Here is what they said in the study I mentioned earlier:
Results: In a reference sample of 456 men, mean (SD), median (quartile), and 2.5th percentile values
were 723.8 (221.1), 698.7 (296.5), and 348.3 ng/dl for TT and 141. 8 (45.0), 134.0 (60.0), and 70.0
pg/ml for FT, respectively. In all three samples, men with low TT and FT were more likely to have
slow walking speed, difficulty climbing stairs, or frailty and diabetes than those with normal levels.
(TT and FT = Total and Free Testosterone)
They also say that, for the purposes of the study, total T levels below the 2.5th percentile (i.e. about 350 ng/dl) were deemed to be low (meaning: they're the people with slow walking speed, difficulty climbing stairs, frailty and diabetes, with the implication that people with T levels that low should be placed on some kind of HRT).
Looking at these comments, it would appear that some doctors are telling their patients with total T below 350 ng/dl that it falls in the "normal" range. IMO it's not normal if your T levels put you in the bottom 2.5 percent of the population, and at high risk of experiencing health problems as a result.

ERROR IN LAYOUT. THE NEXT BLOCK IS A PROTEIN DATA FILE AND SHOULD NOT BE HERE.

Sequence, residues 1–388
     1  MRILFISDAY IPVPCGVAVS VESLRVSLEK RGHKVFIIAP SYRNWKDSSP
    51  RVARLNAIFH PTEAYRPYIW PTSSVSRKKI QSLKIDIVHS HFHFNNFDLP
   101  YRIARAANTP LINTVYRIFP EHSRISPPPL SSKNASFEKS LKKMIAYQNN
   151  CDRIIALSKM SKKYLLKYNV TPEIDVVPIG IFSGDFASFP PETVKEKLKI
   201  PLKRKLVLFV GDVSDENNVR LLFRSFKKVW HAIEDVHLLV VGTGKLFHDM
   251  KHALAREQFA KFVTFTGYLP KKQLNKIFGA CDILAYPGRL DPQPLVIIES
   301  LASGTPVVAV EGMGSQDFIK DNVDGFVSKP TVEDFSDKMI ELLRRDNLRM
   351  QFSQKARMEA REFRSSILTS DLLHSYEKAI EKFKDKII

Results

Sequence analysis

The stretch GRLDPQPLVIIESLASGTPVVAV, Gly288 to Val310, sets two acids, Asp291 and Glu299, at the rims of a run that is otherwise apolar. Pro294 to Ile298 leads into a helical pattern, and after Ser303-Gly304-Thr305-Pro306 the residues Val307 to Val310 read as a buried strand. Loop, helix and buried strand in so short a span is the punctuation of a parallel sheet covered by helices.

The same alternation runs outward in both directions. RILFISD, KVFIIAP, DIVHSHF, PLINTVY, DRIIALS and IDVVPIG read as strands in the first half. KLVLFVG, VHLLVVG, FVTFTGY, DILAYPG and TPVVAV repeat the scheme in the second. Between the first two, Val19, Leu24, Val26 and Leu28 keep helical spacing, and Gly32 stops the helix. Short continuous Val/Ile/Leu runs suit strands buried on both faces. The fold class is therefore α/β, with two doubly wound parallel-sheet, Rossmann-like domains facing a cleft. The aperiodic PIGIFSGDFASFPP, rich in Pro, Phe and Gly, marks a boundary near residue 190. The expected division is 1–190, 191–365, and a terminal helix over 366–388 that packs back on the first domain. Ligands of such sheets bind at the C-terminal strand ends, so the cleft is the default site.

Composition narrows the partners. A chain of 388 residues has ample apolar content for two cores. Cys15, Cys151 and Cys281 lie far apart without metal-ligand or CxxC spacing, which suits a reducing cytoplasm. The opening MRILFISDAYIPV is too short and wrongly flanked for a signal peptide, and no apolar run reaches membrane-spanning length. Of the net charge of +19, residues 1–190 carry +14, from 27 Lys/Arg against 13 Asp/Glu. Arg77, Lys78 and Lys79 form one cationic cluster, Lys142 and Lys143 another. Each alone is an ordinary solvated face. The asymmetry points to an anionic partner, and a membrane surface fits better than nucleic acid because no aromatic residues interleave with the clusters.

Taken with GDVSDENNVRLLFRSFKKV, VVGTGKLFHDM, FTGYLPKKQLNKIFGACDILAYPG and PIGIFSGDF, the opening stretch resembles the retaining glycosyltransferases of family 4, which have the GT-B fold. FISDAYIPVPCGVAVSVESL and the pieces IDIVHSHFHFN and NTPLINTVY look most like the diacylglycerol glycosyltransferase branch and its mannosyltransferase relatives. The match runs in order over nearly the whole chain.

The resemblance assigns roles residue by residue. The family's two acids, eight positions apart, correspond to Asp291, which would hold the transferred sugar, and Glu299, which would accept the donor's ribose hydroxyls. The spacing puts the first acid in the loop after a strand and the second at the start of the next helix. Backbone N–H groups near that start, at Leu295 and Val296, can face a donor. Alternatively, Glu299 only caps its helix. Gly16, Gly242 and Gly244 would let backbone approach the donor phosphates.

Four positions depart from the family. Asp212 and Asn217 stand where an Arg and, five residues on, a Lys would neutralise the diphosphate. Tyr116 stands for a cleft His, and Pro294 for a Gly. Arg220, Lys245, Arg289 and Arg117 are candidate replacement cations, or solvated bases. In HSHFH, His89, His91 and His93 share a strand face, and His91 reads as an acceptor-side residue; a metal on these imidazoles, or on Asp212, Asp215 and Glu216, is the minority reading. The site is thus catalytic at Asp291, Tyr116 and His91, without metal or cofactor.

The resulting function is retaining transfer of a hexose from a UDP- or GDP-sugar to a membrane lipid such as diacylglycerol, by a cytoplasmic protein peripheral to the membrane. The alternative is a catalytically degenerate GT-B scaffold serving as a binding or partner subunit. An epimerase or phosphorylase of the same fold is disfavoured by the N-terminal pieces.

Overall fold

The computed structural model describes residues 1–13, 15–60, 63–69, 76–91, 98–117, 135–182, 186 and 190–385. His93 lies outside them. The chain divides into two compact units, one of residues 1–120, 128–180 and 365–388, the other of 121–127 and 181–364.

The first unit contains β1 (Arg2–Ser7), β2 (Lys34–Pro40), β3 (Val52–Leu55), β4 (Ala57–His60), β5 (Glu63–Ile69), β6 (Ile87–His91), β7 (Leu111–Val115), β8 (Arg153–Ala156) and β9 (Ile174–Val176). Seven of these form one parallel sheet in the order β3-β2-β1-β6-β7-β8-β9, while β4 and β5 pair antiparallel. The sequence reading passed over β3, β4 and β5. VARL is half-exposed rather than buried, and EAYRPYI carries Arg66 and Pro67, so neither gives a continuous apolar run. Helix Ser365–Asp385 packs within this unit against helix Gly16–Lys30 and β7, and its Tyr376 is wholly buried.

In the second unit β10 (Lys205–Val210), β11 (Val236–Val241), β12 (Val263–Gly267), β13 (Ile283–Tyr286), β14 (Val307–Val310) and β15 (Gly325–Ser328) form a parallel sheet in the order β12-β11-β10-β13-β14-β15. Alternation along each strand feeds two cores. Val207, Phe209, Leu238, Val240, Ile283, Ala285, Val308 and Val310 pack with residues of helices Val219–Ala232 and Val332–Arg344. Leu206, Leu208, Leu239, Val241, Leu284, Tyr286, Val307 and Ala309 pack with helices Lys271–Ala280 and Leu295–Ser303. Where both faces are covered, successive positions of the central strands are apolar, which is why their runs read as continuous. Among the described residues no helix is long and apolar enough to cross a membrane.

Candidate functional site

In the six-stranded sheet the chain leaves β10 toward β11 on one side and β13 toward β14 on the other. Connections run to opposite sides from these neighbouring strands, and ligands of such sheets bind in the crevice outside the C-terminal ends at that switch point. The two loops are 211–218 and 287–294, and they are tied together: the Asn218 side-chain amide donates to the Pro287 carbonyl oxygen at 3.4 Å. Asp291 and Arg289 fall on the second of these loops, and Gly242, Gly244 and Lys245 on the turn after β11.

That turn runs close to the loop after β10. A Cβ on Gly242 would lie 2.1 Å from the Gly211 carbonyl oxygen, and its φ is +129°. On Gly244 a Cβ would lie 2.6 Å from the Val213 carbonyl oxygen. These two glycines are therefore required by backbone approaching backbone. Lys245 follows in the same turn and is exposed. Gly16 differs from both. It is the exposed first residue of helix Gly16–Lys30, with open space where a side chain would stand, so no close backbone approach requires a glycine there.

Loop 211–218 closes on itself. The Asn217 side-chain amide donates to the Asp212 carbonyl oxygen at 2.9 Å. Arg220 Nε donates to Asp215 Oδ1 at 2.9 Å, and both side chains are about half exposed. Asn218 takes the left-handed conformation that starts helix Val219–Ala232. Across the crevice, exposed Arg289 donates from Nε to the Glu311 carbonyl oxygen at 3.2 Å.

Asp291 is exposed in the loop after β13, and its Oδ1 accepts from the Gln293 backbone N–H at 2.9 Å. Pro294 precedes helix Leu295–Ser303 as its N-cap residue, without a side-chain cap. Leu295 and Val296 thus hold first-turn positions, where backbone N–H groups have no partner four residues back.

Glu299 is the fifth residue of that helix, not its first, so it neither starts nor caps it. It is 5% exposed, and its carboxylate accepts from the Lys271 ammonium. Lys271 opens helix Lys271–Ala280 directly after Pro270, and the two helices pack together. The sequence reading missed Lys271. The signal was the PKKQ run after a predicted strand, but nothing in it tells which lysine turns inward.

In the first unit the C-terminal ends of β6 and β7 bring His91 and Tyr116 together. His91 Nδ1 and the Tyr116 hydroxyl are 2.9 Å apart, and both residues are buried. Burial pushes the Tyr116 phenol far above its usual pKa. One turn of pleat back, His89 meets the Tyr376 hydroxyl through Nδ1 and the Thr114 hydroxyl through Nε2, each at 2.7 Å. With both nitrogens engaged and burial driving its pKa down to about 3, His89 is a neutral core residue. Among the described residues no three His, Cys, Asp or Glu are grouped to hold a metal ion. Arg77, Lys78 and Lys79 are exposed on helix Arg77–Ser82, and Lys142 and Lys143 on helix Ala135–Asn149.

Another important point that tends to be overlooked is the fact that that free T, not total T, is the important thing as far as biological effects are concerned, and SHBG (sex hormone binding globulin) has a large influence on free T levels. Unfortunately, free T is much more difficult to measure than total T so most laboratories only measure total T, and that's often the only measurement we're given, and the one doctors tend to look at. Nonetheless, free T, not total T, is the important thing as far as your body is concerned. If, like me, you have elevated SHBG levels, the SHBG ties up almost all the T in your system and you can end up with very little free testosterone, even if your figure for total T doesn't look too bad.
Unfortunately they didn't publish the SHBG measurements in that study, but in the hypogonadism forums I belong to, the consensus seems to be that the ideal level for SHBG in males is around 20 nmol/l. In the blood work I've had done, I've averaged about 40, which is no doubt a contributing factor to my developing symptoms of low T.